Jamie Young is Lead Editor of loans and mortgages at USA TODAY Blueprint. She has been writing and editing professionally for 12 years. Previously, she worked for Forbes Advisor, Credible, LendingTree, Student Loan Hero, and GOBankingRates. Her work has also appeared on some of the best-known media outlets including Yahoo, Fox Business, Time, CBS News, AOL, MSN, and more. Jamie is passionate about finance, technology, and the Oxford comma. In her free time, she likes to game, play with her two crazy cats (Detective Snoop and his girl Friday), and try to keep up with her ever-growing plant collection.

Megan Horner

Megan Horner is editorial director at USA TODAY Blueprint. She has over 10 years of experience in online publishing, mostly focused on credit cards and banking. Previously, she was the head of publishing at where she led the team to publish personal finance content on credit cards, banking, loans, mortgages and more. Prior to that, she was an editor at Credit Karma. Megan has been featured in, American Banker, Lifehacker and news broadcasts across the country. She has a bachelor’s degree in English and editing.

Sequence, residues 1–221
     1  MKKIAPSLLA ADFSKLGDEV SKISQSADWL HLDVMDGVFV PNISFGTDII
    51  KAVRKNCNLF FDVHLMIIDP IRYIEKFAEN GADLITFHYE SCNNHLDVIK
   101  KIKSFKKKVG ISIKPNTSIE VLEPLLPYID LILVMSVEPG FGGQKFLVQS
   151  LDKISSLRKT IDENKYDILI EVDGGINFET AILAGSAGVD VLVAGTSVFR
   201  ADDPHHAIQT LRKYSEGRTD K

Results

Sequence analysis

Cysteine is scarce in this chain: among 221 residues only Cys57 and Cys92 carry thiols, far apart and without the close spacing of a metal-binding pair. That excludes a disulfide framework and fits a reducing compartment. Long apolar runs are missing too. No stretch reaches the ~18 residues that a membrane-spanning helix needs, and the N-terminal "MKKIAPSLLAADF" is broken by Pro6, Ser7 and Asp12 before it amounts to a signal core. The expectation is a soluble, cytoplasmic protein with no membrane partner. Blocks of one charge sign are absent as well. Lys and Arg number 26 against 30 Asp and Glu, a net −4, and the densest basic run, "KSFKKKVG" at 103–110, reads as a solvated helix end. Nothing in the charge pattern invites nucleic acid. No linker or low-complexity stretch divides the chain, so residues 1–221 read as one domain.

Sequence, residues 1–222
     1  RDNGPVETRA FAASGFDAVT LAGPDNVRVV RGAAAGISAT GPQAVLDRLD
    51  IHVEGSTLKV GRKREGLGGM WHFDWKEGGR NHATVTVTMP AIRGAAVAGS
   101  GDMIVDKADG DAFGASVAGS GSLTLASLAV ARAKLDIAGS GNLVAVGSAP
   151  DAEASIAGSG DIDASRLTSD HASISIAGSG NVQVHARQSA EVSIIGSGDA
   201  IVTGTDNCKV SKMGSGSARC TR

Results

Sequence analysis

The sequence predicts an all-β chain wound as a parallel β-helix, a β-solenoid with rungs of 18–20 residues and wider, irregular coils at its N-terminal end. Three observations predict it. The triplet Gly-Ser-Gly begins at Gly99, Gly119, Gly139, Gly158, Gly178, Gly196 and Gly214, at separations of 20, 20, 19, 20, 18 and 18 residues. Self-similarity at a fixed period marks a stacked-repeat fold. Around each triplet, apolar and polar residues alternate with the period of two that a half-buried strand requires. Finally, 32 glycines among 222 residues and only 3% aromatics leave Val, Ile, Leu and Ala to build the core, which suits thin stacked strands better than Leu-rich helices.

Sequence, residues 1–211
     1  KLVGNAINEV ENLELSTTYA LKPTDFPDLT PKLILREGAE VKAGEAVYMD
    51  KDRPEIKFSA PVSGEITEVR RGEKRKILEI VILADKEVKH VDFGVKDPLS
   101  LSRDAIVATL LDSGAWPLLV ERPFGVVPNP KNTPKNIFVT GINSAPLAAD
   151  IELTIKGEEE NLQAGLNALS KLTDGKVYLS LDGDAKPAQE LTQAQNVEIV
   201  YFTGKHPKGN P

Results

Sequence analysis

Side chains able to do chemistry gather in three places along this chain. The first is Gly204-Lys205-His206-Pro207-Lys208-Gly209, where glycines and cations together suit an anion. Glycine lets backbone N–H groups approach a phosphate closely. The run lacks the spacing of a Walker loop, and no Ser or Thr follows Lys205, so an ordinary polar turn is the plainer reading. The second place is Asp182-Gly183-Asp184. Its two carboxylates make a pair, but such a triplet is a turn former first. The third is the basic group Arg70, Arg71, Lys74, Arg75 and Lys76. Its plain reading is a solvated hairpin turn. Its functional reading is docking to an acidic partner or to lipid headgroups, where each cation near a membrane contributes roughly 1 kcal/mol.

Ashley Harrison

Ashley Harrison is a USA TODAY Blueprint loans and mortgages deputy editor who has worked in the online finance space since 2017. She’s passionate about creating helpful content that makes complicated financial topics easy to understand. She has previously worked at Forbes Advisor, Credible, LendingTree and Student Loan Hero. Her work has appeared on Fox Business and Yahoo. Ashley is also an artist and massive horror fan who had her short story “The Box” produced by the award-winning NoSleep Podcast. In her free time, she likes to draw, play video games, and hang out with her black cats, Salem and Binx.

Source link


You may also like...

Leave a Reply

Your email address will not be published. Required fields are marked *

This site uses Akismet to reduce spam. Learn how your comment data is processed.